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lunatic

[loo-nuh-tik]
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noun
  1. (no longer in technical use; now considered offensive) an insane person.
  2. a person whose actions and manner are marked by extreme eccentricity or recklessness.
  3. a person legally declared to be of unsound mind and who therefore is not held capable or responsible before the law: a former legal term.
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adjective Also lu·nat·i·cal [loo-nat-i-kuh l] /luˈnæt ɪ kəl/ (for defs 4, 5, 7).
  1. (no longer in technical use; now considered offensive) insane.
  2. characteristic or suggestive of lunacy; wildly or recklessly foolish.
  3. Older Use. designated for or used by the insane: a lunatic asylum.
  4. gaily or lightheartedly mad, frivolous, eccentric, etc.: She has a lunatic charm that is quite engaging.
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Origin of lunatic

1250–1300; Middle English lunatik, from Old French lunatique, from Late Latin lūnāticus “moonstruck.” See Luna, -tic
Related formslu·nat·i·cal·ly, adverbhalf-lu·na·tic, adjective
Dictionary.com Unabridged Based on the Random House Unabridged Dictionary, © Random House, Inc. 2018

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British Dictionary definitions for lunatic

lunatic

adjective Also (rarely): lunatical (luːˈnætɪkəl)
  1. an archaic word for insane
  2. foolish; eccentric; crazy
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noun
  1. a person who is insane
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Derived Formslunatically, adverb

Word Origin

C13 (adj) via Old French from Late Latin lūnāticus crazy, moonstruck, from Latin lūna moon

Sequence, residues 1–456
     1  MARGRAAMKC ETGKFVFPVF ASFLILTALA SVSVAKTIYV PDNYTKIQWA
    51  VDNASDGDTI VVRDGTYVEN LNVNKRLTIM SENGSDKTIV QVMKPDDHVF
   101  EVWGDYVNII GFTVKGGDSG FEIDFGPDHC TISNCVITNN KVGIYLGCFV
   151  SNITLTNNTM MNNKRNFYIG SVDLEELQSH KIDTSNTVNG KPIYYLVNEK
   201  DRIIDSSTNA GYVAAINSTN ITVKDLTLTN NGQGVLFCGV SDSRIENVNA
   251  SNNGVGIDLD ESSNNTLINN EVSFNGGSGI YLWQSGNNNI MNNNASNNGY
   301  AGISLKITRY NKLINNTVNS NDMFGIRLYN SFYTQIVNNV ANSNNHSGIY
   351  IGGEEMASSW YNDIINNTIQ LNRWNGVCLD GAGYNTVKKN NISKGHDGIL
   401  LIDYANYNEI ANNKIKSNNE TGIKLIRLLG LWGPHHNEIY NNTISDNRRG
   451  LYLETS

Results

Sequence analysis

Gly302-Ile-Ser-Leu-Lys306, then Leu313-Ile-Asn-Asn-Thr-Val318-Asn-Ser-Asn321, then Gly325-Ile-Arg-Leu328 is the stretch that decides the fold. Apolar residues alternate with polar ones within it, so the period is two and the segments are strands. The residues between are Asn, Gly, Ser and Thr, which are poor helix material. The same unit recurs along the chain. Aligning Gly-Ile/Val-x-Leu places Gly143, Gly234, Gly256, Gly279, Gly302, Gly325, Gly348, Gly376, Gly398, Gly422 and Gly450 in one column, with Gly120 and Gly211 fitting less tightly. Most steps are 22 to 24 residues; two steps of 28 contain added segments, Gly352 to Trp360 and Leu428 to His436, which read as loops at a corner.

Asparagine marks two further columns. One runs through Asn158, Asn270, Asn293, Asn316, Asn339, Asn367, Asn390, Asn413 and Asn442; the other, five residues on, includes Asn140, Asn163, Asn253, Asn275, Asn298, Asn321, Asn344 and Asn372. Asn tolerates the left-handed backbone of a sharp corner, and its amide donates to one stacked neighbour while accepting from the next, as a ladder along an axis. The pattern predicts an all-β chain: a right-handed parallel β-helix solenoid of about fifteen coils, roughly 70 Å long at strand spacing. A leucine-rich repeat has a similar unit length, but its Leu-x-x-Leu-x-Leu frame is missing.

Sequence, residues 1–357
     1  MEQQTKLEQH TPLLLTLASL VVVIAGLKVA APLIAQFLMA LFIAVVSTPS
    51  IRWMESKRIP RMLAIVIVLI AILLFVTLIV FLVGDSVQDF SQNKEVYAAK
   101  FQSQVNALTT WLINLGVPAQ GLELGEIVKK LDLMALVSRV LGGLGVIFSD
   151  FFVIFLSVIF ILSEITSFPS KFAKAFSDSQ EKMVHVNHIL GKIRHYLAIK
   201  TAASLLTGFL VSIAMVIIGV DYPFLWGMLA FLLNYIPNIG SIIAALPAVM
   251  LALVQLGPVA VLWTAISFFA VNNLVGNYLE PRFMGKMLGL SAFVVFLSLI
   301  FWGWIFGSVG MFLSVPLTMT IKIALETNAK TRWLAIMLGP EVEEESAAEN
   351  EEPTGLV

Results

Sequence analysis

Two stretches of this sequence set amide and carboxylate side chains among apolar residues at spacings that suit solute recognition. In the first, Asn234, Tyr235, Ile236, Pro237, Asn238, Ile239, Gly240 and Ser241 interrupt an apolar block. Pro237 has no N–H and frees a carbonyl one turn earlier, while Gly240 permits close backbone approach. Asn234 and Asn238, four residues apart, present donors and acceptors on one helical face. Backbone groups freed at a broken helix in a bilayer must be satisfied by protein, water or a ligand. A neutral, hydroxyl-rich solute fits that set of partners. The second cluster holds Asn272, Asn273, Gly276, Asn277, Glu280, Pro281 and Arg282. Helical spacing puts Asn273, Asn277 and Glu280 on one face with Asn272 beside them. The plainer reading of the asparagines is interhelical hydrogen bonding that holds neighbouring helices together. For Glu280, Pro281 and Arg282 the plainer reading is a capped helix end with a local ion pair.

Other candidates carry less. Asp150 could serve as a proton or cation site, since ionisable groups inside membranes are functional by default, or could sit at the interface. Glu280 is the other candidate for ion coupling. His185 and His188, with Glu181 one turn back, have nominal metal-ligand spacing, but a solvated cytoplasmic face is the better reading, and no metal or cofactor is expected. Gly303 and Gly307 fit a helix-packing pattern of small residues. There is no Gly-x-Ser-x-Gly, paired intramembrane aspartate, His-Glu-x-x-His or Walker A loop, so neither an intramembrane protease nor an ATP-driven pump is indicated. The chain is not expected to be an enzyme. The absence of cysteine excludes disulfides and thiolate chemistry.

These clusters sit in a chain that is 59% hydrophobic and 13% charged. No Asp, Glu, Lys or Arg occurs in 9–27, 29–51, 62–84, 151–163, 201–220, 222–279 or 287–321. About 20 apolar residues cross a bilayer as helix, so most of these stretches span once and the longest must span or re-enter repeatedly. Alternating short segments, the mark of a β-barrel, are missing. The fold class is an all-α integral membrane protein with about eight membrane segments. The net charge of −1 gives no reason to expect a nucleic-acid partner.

Collins English Dictionary - Complete & Unabridged 2012 Digital Edition © William Collins Sons & Co. Ltd. 1979, 1986 © HarperCollins Publishers 1998, 2000, 2003, 2005, 2006, 2007, 2009, 2012

Word Origin and History for lunatic

adj.

late 13c., "affected with periodic insanity, dependent on the changes of the moon," from Old French lunatique, lunage "insane," or directly from Late Latin lunaticus "moon-struck," from Latin luna "moon" (see Luna). Cf. Old English monseoc "lunatic," literally "moon-sick;" Middle High German lune "humor, temper, mood, whim, fancy" (German Laune), from Latin luna. Cf. also New Testament Greek seleniazomai "be epileptic," from selene "moon." Lunatic fringe (1913) apparently was coined by U.S. politician Theodore Roosevelt.

Then, among the wise and high-minded people who in self-respecting and genuine fashion strive earnestly for peace, there are foolish fanatics always to be found in such a movement and always discrediting it -- the men who form the lunatic fringe in all reform movements. [Theodore Roosevelt, autobiography, 1913].

Earlier it was a term for a type of hairstyle worn over the forehead (1877). Lunatic soup (1933) was Australian slang for "alcoholic drink."

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n.

"lunatic person," late 14c., from lunatic (adj.).

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Online Etymology Dictionary, © 2010 Douglas Harper